WASHINGTON - House and Senate negotiators reached an agreement Thursday to extend the USA Patriot Act, the government's premier anti-terrorism law, before it expires at the end of the month. But a Democratic senator threatened a filibuster to block the compromise.
"I will do everything I can, including a filibuster, to stop this Patriot Act conference report, which does not include adequate safeguards to protect our constitutional freedoms," said Sen. Russ Feingold, D-Wis., who was the only senator to vote against the original version of the Patriot Act.
Senate Judiciary Chairman Arlen Specter, R-Pa., announced that the negotiating committee had reached an agreement that would extend for four years two of the Patriot Act's most controversial provisions - authorizing roving wiretaps and permitting secret warrants for books, records and other items from businesses, hospitals and organizations such as libraries. Those provisions would expire in four years unless Congress acted on them again.
"All factors considered it's reasonably good, not perfect, but it's acceptable," Specter said of the agreement.
Also to be extended for four years are standards for monitoring "lone wolf" terrorists who may be operating independent of a foreign agent or power. While not part of the Patriot Act, officials considered that along with the Patriot Act provisions.
The Republican-controlled House had been pushing for those provisions to stay in effect as long as a decade, but negotiators decided to go with the GOP-controlled Senate's suggestion.
Most of the Patriot Act would become permanent under the reauthorization.
The White House applauded the agreement.
"The Patriot Act is critical to winning the war on terrorism," White House press secretary Scott McClellan said. "The president urges both houses of Congress to act promptly to pass this critical piece of legislation."
Democratic Leader Harry Reid of Nevada intends to vote against the measure as currently drafted, according to an aide.
Feingold and five other senators from both parties issued a statement that said, "We believe this conference report will not be able to get through the Senate." They said they wouldn't support it in any form.
The other senators are Republicans Larry Craig of Idaho, John Sununu of New Hampshire and Lisa Murkowski of Alaska and Democrats Dick Durbin of Illinois and Ken Salazar of Colorado.
Feingold issued a separate statement threatening a filibuster, a stalling technique designed to block the measure from coming to a final vote.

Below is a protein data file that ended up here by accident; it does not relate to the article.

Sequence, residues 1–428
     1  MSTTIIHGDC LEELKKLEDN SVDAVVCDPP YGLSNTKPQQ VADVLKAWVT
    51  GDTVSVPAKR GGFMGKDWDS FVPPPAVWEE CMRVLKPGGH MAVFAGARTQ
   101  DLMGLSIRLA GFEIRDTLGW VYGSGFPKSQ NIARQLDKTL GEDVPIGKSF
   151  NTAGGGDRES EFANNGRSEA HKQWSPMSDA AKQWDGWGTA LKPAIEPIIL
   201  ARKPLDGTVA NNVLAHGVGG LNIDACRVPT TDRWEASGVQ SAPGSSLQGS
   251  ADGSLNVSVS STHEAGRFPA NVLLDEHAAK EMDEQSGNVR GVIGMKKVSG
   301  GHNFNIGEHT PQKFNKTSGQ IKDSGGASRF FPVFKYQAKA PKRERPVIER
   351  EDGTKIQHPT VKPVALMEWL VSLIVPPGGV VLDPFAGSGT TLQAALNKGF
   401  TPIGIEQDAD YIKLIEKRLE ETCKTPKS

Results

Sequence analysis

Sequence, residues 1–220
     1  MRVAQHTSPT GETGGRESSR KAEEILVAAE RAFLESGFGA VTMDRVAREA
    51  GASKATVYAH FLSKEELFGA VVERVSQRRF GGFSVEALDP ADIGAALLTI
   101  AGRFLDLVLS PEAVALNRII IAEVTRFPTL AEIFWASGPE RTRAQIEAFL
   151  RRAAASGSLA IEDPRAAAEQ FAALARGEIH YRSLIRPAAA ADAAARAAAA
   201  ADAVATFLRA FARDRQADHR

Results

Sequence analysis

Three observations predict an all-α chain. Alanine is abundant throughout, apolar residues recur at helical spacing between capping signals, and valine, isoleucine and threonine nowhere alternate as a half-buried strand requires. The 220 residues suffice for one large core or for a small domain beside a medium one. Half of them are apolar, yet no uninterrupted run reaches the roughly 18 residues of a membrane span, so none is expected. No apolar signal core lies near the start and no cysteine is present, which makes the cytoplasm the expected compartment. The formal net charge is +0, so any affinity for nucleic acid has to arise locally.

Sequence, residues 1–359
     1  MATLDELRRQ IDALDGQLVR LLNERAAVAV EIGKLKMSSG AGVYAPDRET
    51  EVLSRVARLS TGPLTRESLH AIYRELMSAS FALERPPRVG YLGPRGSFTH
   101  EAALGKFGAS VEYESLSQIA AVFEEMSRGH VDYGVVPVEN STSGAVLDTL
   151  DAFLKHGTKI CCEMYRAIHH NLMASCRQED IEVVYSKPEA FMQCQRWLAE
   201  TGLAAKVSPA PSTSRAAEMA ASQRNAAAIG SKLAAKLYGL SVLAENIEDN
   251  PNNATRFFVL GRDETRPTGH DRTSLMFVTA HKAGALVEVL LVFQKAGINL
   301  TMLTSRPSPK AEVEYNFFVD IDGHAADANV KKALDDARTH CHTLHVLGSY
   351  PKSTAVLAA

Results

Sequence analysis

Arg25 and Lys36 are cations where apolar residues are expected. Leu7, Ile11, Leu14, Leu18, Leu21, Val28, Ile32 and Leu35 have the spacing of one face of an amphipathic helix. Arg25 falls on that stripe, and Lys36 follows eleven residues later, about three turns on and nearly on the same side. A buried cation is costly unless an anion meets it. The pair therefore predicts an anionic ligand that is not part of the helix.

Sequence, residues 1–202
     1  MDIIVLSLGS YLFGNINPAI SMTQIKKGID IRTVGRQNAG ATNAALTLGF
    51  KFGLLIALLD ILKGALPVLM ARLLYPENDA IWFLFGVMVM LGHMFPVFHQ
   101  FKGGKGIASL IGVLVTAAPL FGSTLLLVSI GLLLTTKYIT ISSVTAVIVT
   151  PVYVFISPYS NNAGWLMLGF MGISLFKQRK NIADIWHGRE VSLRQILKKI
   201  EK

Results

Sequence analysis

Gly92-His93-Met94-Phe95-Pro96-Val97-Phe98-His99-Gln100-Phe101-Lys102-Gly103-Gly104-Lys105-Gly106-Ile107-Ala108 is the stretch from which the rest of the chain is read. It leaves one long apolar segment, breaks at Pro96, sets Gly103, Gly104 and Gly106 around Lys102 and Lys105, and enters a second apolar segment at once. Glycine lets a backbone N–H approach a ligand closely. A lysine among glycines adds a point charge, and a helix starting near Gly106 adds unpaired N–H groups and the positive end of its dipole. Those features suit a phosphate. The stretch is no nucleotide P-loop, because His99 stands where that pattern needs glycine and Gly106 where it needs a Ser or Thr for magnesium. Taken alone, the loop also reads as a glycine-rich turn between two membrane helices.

It takes 60 senators to overcome a filibuster in the 100-member Senate.
"I don't think there will be a filibuster," Specter said. "I don't think it will succeed if there is one."
Sen. John Cornyn, R-Texas, said the deal should satisfy everyone. "This agreement both preserves the provisions that have made America safer since 9/11 and increases congressional and judicial oversight, which should alleviate the concerns of those who believe the law enforcement tools endanger civil liberties," he said.
But the American Civil Liberties Union immediately denounced the deal, calling on lawmakers to reject the legislation because it intrudes too far into the privacy of innocent Americans.
"This sham compromise agreement fails to address the primary substantive concern raised by millions of Americans, as well as civil liberties, privacy and business organizations and lawmakers from both sides of the aisle and in both chambers," said Caroline Fredrickson, the ACLU's Washington legislative office director.
The ranking Democrat on the Senate Judiciary Committee, Patrick Leahy of Vermont, has not yet decided whether to support the agreement, a spokesman said. But the GOP-majority negotiating committee has enough votes to send the House and Senate the compromise if all of the Republican negotiators agree to it.
The Senate is expected to vote on the compromise next week, Specter said. That would give them enough time to deal with any filibuster threats before the Patriot Act provisions expire on Dec. 31.
Congress overwhelmingly passed the Patriot Act after the Sept. 11 terrorist attacks. The law expanded the government's surveillance and prosecutorial powers against suspected terrorists, their associates and financiers.
The compromise also makes changes to national security letters, an investigative tool used by the FBI to compel businesses to turn over customer information without a court order or grand jury subpoena.
Under the agreement, the reauthorization specifies that an NSL can be reviewed by a court, and explicitly allows those who receive the letters to inform their lawyers about them.